She made the remarks after two doctors’ groups recently disbanded.
The pro-democracy Médecins Inspirés announced on its social media page in the early hours of Wednesday that it decided to dissolve after months of discussion, without giving any reasons.
The concern group was formed in 2015 with the aim of striving for a fair electoral system.
The Frontline Doctors Union also announced on Monday that it was disbanding because it was unable to find a new chairperson.
Ma told RTHK that professionals like doctors have become increasingly unsure whether they can still openly discuss political issues, one year after the sweeping national security law came into place in the SAR.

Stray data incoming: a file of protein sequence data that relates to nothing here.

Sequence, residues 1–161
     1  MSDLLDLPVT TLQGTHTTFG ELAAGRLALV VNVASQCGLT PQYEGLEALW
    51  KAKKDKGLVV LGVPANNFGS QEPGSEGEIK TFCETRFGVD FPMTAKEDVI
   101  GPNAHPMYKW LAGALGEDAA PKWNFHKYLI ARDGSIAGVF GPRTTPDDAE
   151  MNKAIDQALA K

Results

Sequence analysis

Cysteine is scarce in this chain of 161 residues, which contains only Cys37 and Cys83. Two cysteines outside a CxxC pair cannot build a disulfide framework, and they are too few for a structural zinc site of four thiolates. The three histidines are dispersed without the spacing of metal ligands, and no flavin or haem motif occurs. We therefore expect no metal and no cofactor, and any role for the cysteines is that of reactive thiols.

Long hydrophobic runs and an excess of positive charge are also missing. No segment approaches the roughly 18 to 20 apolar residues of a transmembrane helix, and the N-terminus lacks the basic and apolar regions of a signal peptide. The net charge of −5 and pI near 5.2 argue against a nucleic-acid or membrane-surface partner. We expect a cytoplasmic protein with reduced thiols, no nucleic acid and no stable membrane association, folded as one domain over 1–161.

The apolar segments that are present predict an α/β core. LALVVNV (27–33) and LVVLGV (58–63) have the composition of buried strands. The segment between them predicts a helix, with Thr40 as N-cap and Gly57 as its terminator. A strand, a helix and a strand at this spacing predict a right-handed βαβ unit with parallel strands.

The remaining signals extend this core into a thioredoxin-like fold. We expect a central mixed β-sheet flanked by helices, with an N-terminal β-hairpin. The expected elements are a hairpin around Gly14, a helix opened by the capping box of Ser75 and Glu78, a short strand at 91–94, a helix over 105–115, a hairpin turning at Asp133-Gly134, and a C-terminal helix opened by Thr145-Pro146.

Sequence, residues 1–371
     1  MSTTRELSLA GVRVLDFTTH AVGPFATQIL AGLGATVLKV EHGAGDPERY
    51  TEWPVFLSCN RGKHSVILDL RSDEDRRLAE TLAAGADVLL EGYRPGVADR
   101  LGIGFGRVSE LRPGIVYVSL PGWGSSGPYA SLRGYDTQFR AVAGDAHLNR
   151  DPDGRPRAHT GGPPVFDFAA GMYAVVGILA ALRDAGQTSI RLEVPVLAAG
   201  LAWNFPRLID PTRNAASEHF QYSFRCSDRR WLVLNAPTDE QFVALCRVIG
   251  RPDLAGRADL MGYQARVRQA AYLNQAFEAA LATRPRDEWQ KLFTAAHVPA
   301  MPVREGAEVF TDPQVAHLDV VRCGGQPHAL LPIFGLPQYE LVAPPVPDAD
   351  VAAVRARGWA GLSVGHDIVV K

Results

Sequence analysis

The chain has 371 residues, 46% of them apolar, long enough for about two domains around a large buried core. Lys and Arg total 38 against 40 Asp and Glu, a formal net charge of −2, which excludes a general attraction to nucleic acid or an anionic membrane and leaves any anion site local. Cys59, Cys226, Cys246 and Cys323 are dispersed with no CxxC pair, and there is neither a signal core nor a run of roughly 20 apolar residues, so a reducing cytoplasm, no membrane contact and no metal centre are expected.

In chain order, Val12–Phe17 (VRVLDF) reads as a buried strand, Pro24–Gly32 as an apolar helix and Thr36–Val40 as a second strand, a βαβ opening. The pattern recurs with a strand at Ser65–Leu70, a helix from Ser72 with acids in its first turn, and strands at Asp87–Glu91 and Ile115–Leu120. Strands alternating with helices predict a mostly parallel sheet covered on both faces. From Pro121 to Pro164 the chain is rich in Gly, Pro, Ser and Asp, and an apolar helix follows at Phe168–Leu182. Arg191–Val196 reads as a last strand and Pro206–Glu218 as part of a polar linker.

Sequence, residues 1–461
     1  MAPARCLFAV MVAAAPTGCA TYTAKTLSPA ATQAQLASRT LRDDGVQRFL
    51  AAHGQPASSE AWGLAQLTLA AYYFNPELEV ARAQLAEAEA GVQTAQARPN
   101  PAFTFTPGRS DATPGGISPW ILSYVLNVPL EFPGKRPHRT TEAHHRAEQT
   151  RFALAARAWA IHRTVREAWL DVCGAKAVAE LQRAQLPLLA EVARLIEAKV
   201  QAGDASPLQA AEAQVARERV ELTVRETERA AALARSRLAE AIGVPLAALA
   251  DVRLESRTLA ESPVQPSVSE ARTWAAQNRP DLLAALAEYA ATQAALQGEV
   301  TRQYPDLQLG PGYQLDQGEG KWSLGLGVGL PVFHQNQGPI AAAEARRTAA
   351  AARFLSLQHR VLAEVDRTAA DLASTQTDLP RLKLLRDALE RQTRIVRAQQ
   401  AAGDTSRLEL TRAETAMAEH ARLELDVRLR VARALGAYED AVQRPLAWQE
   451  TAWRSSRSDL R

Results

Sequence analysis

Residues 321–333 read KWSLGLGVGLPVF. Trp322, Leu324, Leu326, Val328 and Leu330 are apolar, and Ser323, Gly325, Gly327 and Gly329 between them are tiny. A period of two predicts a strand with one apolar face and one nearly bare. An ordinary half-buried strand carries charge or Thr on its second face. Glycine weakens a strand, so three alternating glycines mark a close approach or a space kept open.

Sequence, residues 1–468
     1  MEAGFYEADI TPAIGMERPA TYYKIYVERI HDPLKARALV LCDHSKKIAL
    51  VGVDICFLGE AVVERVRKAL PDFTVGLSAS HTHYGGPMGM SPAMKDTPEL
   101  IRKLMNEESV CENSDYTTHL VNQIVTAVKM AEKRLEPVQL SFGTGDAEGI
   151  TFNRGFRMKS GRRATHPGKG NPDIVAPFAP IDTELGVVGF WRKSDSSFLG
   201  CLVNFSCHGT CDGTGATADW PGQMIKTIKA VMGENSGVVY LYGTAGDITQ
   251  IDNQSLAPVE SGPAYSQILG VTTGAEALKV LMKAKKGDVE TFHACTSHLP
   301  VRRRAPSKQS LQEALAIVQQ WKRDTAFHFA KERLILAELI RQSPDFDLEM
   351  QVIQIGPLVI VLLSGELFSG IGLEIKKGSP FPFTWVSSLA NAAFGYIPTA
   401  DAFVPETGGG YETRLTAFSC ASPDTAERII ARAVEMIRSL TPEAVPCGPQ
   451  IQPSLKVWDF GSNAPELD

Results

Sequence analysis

“I’m quite sure that the medical professionals will be less and less likely to openly give opinions about healthcare issues or criticise the government’s healthcare policy,” she said.
“It is because even though we only target the healthcare issues, we may be labeled as [making] political moves, so we’ll try our best to avoid that.”
Ma added that it has become more difficult for unions to recruit new members or invite them to take up leadership roles as people feel their hands are tied under the current political climate.
Going forward, she said she believes her own group, the Hong Kong Public Doctors’ Association, will also focus on members’ welfare issues, rather than comment on local healthcare policies.